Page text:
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Redeployment from Hebron Delayed Until After Passover

The redeployment of Israeli forces from most of Hebron will not carried out until at least after the Passover holiday.

When the pullback ultimately will occur depends on effort by the Palestinian Authority of fight Islamic militants, Foreign Minister Ehud Bank said Thursday.

“We expect to see broader and more practical results in the fight against terror, and when the security establishment feels that things are really happening,” he said, “then the redeployment will be carried out in Hebron.”

Maj. Gen. IIan Biran, the outgoing head of central command, said Thursday that the redeployment plan is ready and could be implemented almost immediately after the order is given.

The redeployment was scheduled to have taken place Thursday, according to the Interim Agreement between Israel and the Palestine Liberation Organization.

Under the agreement, Hebron was to have been the seventh and final major West Bank Palestinian population center to be transferred to the self-rule government.

Unlike the six other cities, from which Israeli troops withdrew completely, troops would leave most of Hebron, but some would remain to protect the 450 Jewish settlers living in six enclaves in the downtown area.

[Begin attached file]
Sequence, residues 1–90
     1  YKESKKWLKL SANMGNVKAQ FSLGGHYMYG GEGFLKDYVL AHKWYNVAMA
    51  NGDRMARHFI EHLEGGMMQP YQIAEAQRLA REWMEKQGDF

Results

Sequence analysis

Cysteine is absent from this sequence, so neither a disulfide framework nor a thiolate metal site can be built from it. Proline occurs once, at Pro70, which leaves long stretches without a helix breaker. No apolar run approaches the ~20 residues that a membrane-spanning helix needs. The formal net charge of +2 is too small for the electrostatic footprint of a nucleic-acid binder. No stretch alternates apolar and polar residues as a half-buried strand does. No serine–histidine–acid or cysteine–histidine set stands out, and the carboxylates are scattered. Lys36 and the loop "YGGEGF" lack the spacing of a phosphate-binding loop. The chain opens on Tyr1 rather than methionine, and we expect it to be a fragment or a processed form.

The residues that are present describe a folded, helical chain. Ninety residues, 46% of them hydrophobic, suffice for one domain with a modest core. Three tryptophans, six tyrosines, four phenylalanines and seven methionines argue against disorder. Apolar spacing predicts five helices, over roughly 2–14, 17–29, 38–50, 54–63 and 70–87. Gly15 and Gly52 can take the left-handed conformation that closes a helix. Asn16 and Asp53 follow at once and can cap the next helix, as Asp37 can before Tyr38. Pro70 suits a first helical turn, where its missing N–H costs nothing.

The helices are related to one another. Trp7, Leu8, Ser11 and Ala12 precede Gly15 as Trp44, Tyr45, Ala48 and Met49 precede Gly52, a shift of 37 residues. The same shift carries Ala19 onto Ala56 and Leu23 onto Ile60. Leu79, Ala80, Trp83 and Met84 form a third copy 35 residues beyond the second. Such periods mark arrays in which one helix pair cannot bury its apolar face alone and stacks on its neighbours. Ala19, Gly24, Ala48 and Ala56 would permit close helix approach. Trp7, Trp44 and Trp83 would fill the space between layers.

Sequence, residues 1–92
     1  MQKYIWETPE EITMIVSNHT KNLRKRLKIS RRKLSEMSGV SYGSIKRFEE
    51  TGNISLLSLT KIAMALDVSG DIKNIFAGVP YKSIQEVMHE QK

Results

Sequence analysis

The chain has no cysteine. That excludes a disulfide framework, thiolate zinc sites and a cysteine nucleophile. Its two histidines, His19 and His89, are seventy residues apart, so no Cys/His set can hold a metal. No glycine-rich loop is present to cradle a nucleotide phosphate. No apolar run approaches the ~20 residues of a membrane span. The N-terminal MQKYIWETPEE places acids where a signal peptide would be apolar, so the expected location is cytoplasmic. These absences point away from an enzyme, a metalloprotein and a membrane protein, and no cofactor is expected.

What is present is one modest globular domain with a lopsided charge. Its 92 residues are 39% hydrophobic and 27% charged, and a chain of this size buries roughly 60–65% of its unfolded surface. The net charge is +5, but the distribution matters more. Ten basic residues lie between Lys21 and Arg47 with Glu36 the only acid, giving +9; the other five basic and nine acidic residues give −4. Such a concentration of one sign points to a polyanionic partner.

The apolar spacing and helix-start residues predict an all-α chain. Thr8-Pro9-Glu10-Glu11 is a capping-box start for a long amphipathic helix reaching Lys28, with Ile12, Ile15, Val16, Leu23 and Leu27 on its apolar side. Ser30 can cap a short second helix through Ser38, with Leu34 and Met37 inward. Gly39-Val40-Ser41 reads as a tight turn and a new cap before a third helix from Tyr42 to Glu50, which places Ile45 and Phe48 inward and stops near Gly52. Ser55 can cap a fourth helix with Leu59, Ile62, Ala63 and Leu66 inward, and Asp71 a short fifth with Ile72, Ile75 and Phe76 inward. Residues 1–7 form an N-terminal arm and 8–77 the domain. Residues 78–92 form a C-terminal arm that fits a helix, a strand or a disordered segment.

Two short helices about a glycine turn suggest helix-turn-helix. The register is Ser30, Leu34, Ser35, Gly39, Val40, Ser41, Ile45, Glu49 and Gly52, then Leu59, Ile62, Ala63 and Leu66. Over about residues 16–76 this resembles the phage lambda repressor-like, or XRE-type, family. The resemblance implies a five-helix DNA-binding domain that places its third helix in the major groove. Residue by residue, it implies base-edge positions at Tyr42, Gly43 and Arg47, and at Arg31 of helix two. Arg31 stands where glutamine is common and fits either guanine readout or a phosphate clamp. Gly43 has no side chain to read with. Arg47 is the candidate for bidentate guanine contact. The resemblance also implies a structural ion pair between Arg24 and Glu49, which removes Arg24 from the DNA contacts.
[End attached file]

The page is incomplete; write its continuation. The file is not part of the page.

Israel suspended preparation for the redeployment after the recent suicide attacks that left 58 innocent people dead.

Israeli officials also have been quoted as saying that the redeployment would take place only after the Palestine National Council revokes the anti-Israel clauses in the palestinian covenant.

The PNC is expected to meet no later than May 7. Under the self-rule accord, the PNC must convene within two months after the inauguration of the Palestinian legislative council, which was elected in January and held its first session March 7.

Meanwhile, north of Ramallah on Thursday, hundreds of Palestinians hurled stones at Palestinian police and Israeli troops to protect an overnight sweep by Israeli forces, in which more than 370 Palestinians were arrested.

Palestinian police and Israeli troops stood side by side in an effort to control the crowds. The troops did not use force to disperse the crowd.

Deputy Defense Minister Ori Orr said the raid had targeted people suspected of involvement in financing or otherwise helping those linked to the recent bombing attacks in Israel.

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